Atlanta Journal-Constitution’s rebranding campaign focuses on local journalism
Ideas Blog | 10 January 2023
The Atlanta Journal-Constitution is the southeast United States’ largest daily news organisation.
In 2021, the AJC completed its largest-ever strategic repositioning and rebrand, unveiling it to readers and the public in April through a campaign called Press On. The initiative unapologetically declares that our mission is to Press On and includes a redesign of the master logo/masthead.
Press On is a powerful, confident phrase. It’s a rallying cry for rigorous local journalism and the essential role we play in our community.
This marketing campaign puts journalists in the forefront and humanises them through powerful photography and messaging that communicates why they press on for us.
The scope of the rebrand included:
- The creation of a new visual and verbal brand identity system for all B2C and B2B communications.
- The creation of an integrated multi-media campaign for print, outdoor, broadcast, social, and digital channels.
- Media planning and buying.
- Development of updated assets across all business touchpoints and divisions.
- Videos for broadcast and social.
- Multiple templates for ongoing adaptation.
- Deep market research.
The Atlanta Journal-Constitution’s marketing team reimagined all external and internal brand touchpoints using the new Press On verbal and visual identity system so the full power of the people in our organisation and all of our owned and operated channels work together in unison to lift the Press On banner.
From house ads in our print edition to digital ads on ajc.com to our newsletters, social channels, and consumer acquisition collateral — everything is now on brand and works to emphasise Press On.
Our staff even drive Press On-wrapped vehicles on official business!
External media placements included broadcast, out-of-home, niche print, and a variety of digital marketing channels from social to OTT with a heavy blast in the spring of 2021 and an “always on” digital marketing campaign.
Changing perceptions for the future
The Press On campaign drove a 10% increase in positive perceptions in the Atlanta market in key areas such as credibility and historical new digital subscription growth. It features a diverse representation of more than a dozen journalists who wrote letters about why they press on and were photographed for the campaign. Strong support from the newsroom is one of our most meaningful success metrics.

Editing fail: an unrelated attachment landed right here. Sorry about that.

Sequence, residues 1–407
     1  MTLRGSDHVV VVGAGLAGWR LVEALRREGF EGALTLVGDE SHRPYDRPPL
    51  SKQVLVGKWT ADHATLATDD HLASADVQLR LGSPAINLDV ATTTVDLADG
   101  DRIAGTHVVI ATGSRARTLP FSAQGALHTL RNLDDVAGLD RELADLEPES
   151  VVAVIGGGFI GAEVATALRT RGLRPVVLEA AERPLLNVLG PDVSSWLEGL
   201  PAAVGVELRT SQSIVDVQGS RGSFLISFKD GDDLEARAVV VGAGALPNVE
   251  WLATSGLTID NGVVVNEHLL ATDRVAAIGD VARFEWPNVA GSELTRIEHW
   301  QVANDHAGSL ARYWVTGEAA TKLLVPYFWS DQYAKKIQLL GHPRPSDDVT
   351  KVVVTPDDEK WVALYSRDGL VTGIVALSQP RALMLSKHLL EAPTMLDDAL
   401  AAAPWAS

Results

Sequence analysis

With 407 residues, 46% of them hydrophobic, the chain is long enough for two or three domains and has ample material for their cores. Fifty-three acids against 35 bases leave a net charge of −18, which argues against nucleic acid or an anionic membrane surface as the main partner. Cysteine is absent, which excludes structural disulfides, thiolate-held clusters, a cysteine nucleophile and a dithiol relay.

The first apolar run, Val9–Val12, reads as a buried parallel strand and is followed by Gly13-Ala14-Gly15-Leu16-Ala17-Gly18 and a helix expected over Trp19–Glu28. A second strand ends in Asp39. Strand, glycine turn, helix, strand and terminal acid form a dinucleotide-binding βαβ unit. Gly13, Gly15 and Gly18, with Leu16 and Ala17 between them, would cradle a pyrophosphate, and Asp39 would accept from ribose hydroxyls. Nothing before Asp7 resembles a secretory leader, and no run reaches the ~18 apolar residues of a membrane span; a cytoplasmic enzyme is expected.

Within the first few months, 610.9 million impressions were served in the Atlanta DMA, and active digital subscriptions increased by 48%.
Our Q3 2021 brand tracker survey of more than 570 metro Atlanta respondents showed a positive lift when compared to baselines established in a Q1 2021 benchmark survey.
The largest gains were for statements concerning The Atlanta Journal-Constitution’s important role in the community and overall quality such as “The Atlanta Journal-Constitution is credible local journalism” (65% baseline Q1 2021; 75% in Q3 2021) and “The Atlanta Journal-Constitution is an essential part of Atlanta” (61% baseline Q1 2021; 73% Q3 2021).
AJC consumption has increased over time for the general market panel. There were notable increases in AJC print readership (28% baseline, 38% Q3), and Web site readership (25% baseline, 35% Q3).
Panelists appear to value AJC products to a greater extent in Q3 versus baseline. There was a significant decrease in panelists reporting that neither the print nor digital AJC products are worth paying for (down from 32% in baseline to 15% in Q3).
There is more understanding that the AJC content is the same across print and digital platforms compared to the baseline. Respondents in Q3 were more likely to agree that the news stories are the same across the different AJC products compared to baseline (27% baseline, 39% Q3).
A key goal of the campaign was to combat perceptions detected in previous research that The Atlanta Journal-Constitution and ajc.com did not contain the same valuable content and may not even be produced by the same journalists.
Shifting this perception is key to digital readiness.